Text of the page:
With COVID-19 vaccination rates accelerating, governments around the world have begun to consider implementing a standardized credential or “vaccine passport” that would let people prove that they’ve been vaccinated. And the idea became more real when the Washington Post reported on Sunday that the Biden administration was working with companies to develop such a structure.
Our nation’s primary push right now should be equitable vaccine distribution that gets as many people as possible vaccinated and reaching herd immunity. If we can do so, epidemiologists say, we’ll reach a point where COVID no longer has enough vulnerable hosts to circulate within our communities. This means that most people most of the time — even those who can’t get vaccinated — won’t have to worry about the disease.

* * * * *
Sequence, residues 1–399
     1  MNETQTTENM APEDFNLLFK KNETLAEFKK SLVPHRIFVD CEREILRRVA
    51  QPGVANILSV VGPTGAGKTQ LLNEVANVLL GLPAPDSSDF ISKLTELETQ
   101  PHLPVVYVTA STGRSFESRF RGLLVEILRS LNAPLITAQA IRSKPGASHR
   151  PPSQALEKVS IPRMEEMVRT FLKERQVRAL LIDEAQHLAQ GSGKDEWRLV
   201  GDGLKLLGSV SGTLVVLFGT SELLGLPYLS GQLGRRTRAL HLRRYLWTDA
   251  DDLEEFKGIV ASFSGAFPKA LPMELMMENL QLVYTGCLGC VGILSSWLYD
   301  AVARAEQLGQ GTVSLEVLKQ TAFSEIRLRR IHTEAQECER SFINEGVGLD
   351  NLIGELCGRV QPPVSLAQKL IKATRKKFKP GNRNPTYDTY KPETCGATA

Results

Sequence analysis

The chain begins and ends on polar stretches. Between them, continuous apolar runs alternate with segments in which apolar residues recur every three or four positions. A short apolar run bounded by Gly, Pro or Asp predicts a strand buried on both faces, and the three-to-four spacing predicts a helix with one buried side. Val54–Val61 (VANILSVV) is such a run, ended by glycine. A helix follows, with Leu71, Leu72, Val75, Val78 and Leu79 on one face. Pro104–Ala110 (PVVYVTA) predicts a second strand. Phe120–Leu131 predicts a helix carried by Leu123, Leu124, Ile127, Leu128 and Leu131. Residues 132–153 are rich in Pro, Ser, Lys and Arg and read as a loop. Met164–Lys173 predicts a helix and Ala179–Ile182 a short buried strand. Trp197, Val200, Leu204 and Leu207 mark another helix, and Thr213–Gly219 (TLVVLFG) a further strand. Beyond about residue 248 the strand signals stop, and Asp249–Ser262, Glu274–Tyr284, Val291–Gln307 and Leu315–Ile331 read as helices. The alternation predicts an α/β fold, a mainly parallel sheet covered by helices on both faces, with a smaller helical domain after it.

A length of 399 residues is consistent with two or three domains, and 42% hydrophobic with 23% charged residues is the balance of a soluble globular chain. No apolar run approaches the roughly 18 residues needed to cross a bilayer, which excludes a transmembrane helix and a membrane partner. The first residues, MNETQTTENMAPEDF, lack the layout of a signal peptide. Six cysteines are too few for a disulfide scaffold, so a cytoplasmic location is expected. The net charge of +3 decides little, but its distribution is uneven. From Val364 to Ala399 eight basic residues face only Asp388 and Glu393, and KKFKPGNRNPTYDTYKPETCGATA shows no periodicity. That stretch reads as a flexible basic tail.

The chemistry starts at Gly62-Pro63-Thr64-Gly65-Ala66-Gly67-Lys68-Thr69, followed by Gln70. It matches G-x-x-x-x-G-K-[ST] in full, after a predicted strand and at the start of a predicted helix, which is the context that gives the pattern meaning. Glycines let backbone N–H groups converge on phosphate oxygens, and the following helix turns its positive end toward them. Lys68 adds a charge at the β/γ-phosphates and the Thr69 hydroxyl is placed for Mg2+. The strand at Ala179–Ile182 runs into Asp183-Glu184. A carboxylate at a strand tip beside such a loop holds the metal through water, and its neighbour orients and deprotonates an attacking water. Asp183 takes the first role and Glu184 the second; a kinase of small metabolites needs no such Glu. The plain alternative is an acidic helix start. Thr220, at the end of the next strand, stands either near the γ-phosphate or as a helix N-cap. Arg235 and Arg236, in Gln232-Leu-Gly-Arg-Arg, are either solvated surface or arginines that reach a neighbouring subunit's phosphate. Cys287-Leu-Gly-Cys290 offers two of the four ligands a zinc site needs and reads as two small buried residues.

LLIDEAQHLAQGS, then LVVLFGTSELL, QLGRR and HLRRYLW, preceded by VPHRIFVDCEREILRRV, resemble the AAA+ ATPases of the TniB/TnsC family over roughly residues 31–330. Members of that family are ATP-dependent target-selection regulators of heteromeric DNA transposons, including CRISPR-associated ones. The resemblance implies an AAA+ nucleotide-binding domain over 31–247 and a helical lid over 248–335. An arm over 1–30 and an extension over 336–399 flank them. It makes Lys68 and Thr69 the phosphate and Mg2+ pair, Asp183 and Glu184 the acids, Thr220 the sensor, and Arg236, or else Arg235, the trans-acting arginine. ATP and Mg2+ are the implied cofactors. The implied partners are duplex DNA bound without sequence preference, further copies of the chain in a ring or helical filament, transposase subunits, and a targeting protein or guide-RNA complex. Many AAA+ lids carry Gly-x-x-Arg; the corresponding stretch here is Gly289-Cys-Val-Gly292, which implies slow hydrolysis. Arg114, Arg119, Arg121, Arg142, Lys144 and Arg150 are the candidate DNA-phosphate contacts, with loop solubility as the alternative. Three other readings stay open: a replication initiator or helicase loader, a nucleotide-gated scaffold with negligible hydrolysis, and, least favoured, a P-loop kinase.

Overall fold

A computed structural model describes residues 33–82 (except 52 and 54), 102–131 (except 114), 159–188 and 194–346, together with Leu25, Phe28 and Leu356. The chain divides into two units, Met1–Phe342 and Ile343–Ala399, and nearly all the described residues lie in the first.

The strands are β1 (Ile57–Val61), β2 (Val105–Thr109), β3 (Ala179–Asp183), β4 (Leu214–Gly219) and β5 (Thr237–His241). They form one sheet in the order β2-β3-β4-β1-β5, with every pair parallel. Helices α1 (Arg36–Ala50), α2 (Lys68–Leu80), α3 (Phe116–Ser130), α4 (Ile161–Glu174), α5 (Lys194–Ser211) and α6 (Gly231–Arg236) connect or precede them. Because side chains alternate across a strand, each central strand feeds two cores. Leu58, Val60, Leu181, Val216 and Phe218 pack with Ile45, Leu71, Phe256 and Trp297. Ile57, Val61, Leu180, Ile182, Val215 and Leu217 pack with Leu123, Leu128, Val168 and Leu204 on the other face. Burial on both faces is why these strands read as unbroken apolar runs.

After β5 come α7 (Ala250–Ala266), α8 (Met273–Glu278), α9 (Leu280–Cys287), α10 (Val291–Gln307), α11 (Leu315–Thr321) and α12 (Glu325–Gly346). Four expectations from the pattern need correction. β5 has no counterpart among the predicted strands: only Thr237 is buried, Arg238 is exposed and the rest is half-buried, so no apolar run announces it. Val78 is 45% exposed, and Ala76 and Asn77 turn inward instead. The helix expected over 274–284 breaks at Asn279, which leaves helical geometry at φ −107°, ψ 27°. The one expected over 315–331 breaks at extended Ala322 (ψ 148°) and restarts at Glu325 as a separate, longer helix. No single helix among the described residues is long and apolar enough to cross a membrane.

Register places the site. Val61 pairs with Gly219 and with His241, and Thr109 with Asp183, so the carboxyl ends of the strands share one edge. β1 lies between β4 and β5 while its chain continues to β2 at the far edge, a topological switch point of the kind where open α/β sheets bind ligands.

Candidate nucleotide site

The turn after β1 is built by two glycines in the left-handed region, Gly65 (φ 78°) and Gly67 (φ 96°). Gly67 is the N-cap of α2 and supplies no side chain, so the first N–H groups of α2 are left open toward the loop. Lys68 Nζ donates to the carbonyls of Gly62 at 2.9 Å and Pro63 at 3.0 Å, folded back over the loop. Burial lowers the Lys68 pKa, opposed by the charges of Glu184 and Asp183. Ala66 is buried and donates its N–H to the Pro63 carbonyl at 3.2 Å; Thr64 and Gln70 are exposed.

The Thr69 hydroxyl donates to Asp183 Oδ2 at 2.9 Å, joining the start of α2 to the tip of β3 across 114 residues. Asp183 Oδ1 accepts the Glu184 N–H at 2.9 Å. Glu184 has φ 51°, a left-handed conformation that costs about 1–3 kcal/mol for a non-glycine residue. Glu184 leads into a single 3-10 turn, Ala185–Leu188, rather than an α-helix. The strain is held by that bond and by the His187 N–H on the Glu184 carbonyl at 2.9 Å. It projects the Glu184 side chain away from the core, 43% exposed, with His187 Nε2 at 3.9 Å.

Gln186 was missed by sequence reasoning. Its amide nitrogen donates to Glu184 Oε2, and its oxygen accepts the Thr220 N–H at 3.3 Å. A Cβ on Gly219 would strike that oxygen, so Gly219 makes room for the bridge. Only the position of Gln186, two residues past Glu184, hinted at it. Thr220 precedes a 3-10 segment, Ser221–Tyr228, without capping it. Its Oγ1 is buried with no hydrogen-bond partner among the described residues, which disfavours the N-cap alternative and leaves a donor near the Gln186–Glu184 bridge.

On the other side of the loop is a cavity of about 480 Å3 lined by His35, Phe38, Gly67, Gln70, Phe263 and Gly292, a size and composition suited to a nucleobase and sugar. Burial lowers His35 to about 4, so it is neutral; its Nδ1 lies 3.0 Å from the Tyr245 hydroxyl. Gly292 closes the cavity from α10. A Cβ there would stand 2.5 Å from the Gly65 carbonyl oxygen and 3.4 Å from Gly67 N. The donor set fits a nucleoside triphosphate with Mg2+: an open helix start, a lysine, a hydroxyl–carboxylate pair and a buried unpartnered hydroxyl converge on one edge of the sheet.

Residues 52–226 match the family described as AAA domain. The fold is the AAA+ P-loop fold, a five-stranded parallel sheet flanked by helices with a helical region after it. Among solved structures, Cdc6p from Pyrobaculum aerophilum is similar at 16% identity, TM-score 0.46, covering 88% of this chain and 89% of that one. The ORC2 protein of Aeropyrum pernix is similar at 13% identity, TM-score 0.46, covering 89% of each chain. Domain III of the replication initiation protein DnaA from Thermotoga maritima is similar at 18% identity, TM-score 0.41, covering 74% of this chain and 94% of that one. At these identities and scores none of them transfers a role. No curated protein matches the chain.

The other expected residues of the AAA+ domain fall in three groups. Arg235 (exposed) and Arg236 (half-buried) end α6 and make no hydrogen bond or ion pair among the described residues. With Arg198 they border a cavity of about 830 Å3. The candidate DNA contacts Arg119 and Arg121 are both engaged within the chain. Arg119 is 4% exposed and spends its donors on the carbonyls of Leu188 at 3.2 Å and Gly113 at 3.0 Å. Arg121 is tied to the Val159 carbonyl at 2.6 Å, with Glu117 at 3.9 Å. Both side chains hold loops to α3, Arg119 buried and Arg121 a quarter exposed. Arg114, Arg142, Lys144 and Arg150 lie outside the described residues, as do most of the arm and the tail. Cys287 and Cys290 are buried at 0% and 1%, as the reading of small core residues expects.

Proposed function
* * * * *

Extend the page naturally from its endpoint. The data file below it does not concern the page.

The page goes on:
When that happens and COVID comes to resemble other dangerous diseases where there are occasional flareups but little spread, such as measles, the need for a COVID passport will seem much less urgent. Nobody is demanding we provide proof of measles vaccination everywhere we go. And in the limited circumstances where such proof is required (school enrollment, some medical jobs, and some overseas travel), it’s far from clear that the existing system of paper documents is somehow deeply broken and in need of fixing. That’s especially true given that creating a passport system would be a herculean task.
As privacy advocates and civil libertarians, there are several factors to consider on vaccine passports.
There is a difference between a standardized system for presenting proof of vaccination, and a digital system for doing so. With more and more of our credentials being displayed through apps on our phones — from airline boarding passes to concert tickets to gym memberships — it strikes many people as an obvious and overdue step to create a similar digital credential for those occasions when a person has to prove that they’ve been vaccinated. But digital credentials present a number of new potential problems, and we would oppose a vaccination credential system that does not meet three crucial criteria: